UFC featherweight champion Conor McGregor notoriously showed up late to a UFC 202 pre-fight press conference, lost his temper at Nate Diaz leaving early, and started throwing energy drinks. Today he had to answer for his antics in an appearance before the Nevada State Athletic Commission.
McGregor was represented by legal counsel, and appeared by telephone.
“I was very, very upset at the incident,” said McGregor. “It was a high stakes fight, my emotions got the better of me. All I can say is I’m sorry.”
The UFC featherweight champion then told Pat Lundvall he would accept whatever punishment the NAC meted out. Given that the NAC tried to suspend Nick Diaz for five years over legally prescribed use of the demon week marijuana, that might not be the most thought-through thing McGregor could have said.
However, the fighter potentially faced suspension, so the punishment could have been much worse – McGregor will have to do 50 hours of community service, and was fined 5% of his purse.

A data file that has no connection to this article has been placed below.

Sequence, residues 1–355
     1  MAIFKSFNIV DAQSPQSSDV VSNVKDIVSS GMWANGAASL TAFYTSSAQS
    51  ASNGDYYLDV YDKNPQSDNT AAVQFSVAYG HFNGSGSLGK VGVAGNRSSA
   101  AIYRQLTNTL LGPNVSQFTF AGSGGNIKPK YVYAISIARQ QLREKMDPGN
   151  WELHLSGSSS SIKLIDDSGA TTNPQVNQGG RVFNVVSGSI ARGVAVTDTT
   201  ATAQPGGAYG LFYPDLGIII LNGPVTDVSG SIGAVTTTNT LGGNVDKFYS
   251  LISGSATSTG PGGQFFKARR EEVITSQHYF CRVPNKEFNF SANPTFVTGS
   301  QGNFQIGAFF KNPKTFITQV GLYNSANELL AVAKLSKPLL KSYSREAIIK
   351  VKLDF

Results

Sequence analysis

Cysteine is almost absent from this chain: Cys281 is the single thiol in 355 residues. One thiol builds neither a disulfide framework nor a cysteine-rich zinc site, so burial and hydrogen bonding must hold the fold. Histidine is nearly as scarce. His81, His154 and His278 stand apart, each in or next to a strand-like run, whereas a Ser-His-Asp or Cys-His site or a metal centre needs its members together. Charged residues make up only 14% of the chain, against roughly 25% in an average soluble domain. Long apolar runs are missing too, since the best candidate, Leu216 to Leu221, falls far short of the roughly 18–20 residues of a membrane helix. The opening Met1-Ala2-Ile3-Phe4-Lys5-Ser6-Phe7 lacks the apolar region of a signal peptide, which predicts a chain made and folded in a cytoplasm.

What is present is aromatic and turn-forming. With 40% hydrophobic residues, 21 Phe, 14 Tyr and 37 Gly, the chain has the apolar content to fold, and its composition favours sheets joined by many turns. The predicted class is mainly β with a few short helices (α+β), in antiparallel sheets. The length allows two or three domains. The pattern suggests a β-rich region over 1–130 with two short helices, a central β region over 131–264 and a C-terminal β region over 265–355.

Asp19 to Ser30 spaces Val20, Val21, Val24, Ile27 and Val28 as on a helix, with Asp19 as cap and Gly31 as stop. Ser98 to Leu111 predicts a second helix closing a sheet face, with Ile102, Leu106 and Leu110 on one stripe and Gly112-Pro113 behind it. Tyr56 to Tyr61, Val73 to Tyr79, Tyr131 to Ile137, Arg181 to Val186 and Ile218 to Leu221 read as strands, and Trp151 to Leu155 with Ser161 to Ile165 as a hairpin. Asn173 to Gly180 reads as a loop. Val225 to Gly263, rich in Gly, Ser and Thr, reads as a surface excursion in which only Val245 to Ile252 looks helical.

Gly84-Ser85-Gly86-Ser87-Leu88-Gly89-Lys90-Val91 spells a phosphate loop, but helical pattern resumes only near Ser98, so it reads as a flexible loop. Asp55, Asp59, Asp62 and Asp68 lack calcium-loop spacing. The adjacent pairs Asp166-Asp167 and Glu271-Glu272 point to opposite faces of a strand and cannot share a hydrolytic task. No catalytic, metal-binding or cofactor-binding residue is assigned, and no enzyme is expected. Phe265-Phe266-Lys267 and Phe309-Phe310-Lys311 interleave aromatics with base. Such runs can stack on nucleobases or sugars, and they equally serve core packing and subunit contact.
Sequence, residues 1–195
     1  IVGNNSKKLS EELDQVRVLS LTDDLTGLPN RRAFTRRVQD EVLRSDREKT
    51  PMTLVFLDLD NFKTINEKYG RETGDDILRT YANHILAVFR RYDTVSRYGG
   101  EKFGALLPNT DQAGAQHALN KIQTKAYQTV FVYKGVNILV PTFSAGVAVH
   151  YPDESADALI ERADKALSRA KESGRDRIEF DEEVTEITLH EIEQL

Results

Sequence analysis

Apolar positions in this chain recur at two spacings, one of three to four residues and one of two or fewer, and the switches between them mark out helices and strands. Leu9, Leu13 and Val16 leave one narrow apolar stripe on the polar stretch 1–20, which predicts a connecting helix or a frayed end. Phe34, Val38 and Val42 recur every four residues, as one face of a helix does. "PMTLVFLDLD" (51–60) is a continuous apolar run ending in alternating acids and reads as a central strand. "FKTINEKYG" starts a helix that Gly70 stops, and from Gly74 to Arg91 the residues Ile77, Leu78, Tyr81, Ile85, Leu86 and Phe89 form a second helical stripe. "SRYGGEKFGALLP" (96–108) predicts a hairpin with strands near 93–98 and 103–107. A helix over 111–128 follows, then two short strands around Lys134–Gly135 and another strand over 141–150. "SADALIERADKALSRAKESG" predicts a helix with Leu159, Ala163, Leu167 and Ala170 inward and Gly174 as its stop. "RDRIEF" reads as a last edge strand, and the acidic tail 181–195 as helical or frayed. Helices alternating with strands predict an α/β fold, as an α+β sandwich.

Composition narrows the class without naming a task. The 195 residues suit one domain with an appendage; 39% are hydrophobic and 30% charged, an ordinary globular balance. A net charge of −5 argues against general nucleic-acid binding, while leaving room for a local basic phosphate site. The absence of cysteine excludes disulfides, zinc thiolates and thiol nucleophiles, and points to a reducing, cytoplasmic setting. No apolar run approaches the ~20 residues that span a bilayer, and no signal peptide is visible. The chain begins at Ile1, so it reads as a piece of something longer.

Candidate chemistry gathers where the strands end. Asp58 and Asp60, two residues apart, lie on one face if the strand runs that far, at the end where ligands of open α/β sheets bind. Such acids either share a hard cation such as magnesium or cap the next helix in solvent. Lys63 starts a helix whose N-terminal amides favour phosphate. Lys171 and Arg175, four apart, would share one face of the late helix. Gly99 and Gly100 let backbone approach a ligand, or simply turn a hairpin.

Bad news is that 5% comes to $150,000. Good news is the $3,000,000 that McGregor was contracted to make was just a fraction of what he made as a percentage of the PPV. His compensation may have totaled over $10,000,000 for the event, making the 150k perhaps 1.5% of his take.
The attorney general had recommended a more lenient $25,000 fine, plus 25 hours community service, plus five hours media training. The NSAC however must have felt that was an insufficient deterrent to future shenanigans.
The other high profile pre-fight media incident the NSAC had to deal with in the past few years was the shoving match between Jon Jones and Daniel Cormier back in 2014. That ended with Jones fined 10% of his purse ($50,000) and 40 hours of community service. Cormier got 10% of purse ($9,000) and 20 hours.
McGregor responded in typical fashion, taunting the entire division.
The fighter’s next stop is UFC 205, where he challenges lightweight champion Eddie Alvarez for his belt. If successful, McGregor will become the first fighter to hold two UFC belts at the same time. And given how effective pre-fight tussles appear to be in building PPV buys, don’t be shocked if something similar happens again.